This is the 4th of 6 autobiographical accounts by a P-47 pilot in the 366th Fighter Group of the 9th Army Air Force in Europe in 1944-45. Lee Rorex, the author, sent them to me in 2001 shortly after my dad passed away. He and my dad had flown together, and in many ways these essays tell the story my dad rarely talked about. I didn’t want the stories to be forgotten, so I decided to put them on my website and give them to the world. —Gary Lee Todd (and this is where I got my middle name, Lee) Continue reading

WWII Fighter Pilot: Peek-A-Boo Pinkerton by Lee Rorex

My dad was a writer, too. He was aviation and business editor of the Rockford Register Republic from 1954 until he retired in 1981. He edited and actually did much of the writing of Fish Hassell’s autobiography, A Viking with Wings. But so far as I know, he never wrote about his own experiences as a P-47 pilot with the 9th AAF. Lee Rorex did, 40 years after the war was over. He told me my dad – Dean Todd – was with him on most or all of the missions he wrote about. So this is my dad’s story as well as Capt. Lee’s. —Gary Lee Todd Continue reading

WWII Fighter Pilot: Genius, A Twenty-four Hour-A-Day Thing by Lee Rorex

This is the 6th and last of the essays Lee Rorex sent me in early 2001. He and my dad flew together in the 389th Fighter Squadron, 366th Fighter Group, 9th U.S. Army Air Force, the tactical Air Force in the European Theater. I remember in a letter to me he once referred to himself as a “hired assassin.” This surprised me. Vietnam had made me decidedly cynical, but I had thought World War II was the “good war.” But my dad almost never talked about it, and Capt. Lee was still having nightmares 40 years later. I guess there really is no “good war.” —Gary Lee Todd Continue reading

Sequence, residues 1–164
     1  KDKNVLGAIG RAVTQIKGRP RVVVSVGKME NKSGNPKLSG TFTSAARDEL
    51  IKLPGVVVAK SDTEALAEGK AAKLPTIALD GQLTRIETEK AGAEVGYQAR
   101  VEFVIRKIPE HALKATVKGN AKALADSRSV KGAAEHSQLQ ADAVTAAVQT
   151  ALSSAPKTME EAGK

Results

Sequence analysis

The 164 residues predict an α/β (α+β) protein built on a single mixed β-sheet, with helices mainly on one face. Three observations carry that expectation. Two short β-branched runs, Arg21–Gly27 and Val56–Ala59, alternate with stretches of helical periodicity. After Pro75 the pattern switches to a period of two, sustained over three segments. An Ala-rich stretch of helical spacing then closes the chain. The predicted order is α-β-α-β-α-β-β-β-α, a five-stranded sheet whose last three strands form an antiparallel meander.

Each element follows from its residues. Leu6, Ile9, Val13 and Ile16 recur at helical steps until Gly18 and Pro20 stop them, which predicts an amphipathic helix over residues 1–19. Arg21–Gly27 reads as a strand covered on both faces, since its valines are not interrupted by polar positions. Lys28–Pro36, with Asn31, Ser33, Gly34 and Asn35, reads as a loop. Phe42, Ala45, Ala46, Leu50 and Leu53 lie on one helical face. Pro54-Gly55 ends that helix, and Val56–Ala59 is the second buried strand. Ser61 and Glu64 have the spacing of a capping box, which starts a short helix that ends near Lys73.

EVIL WOMEN TYRANTS: Is History Telling Us the Truth?

This is the text of a talk delivered at a symposium at Sias University in May, 2010. I have tried to keep it simple, as the audience was made up of non-native English speakers. It’s about women, but it’s also about the uses and abuses of history, and about critical thinking. Historians have a responsibility for maintaining the highest level of integrity, and one of their greatest sins is to destroy another person’s reputation. This essay is about two people who have been particularly maligned, and is an attempt to set the record straight. Continue reading